And while we are at it, at some point, in middle-age or before, you hopefully quit trying to make people like you and just let yourself become the person God intended. And if no one ever gets it, if no one totally understands you, that’s ok. You’re not a teen ager anymore, and the drama of trying to be cool or to fit in is too much effort now.

“And heroes they come and they go. And leave us behind as if we’re supposed to know, why? Why do we give up our hearts to the past, and why must we grow up so fast?” (Eagles)

This world is beautiful but badly broken. Glorious, but soaked in grief. Sometimes when you see through the fog of your false self, and your own fake smiles start to sicken you, you can see the depths of your own ingratitude for all that you’ve been given. Is there anything uglier than a hard heart?

The ocean waves mesmerize, sooth and shake and disturb and comfort, and beauty always leaves you wondering and grasping for more.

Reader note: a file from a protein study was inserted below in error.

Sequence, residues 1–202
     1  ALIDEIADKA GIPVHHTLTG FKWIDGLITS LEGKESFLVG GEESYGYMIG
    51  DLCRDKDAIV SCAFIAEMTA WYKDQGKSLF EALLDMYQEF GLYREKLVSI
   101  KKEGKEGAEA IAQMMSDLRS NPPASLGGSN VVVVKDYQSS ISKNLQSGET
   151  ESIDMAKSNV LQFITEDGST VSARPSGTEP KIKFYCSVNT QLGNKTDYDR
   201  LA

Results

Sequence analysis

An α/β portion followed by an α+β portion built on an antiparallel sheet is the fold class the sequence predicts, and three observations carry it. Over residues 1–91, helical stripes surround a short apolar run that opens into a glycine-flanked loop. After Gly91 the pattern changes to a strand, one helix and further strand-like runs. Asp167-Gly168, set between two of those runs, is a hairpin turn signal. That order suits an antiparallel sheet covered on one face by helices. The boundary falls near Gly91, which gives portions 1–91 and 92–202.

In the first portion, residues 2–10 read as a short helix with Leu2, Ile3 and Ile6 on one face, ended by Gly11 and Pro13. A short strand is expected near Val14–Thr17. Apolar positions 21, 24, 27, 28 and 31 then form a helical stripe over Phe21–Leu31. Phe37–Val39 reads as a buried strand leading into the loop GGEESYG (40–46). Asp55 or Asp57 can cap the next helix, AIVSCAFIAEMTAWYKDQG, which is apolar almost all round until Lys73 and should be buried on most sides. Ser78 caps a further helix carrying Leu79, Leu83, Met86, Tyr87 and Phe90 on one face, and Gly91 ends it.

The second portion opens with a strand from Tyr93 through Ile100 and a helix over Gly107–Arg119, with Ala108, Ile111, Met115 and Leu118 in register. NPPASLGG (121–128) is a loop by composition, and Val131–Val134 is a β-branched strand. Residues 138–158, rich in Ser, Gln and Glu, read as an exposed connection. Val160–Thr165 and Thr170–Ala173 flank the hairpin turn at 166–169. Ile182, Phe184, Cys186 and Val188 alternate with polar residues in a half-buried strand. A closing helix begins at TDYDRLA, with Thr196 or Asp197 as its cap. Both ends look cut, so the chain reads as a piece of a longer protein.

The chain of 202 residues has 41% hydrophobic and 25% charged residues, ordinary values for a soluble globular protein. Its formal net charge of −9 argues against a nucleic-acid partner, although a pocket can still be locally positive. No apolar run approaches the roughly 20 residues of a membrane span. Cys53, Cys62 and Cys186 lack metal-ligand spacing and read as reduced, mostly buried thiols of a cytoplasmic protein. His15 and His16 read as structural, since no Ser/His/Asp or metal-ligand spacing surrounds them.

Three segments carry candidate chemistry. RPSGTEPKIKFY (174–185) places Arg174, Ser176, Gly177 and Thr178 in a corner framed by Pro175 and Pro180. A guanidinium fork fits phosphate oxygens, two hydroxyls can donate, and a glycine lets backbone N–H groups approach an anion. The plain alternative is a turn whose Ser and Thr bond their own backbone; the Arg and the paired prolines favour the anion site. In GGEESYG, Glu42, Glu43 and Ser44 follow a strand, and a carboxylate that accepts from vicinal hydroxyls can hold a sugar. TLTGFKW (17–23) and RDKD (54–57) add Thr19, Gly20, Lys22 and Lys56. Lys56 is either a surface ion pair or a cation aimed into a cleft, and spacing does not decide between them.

I read somewhere where someone said (rather mockingly) that some people think God has their picture on his refrigerator. And I thought: Isn’t that what the Incarnation tells us? That God has every one of our pictures pasted on his refrigerator and written on his heart? Rich Mullins said that when someone told him that God loved him, his thought was

“Big deal! That don’t make me special. That’s just means God don’t have no taste. And thank God, he doesn’t.”

He died once for ALL, so you are no more special then the rest, and yet at the same time, you are his most prized possession.

I know this is a wandering post, but somehow I think it will all fit together in the end. We humans like to believe we are free, but we are bound by our physical limits, by our perceptions, by our sins. There is much will power can accomplish and much it can not overcome on it’s own. The natural man isn’t born truly free. “You must be born again”, Jesus said. As soon as you are old enough to yell:

“Mine, mine!”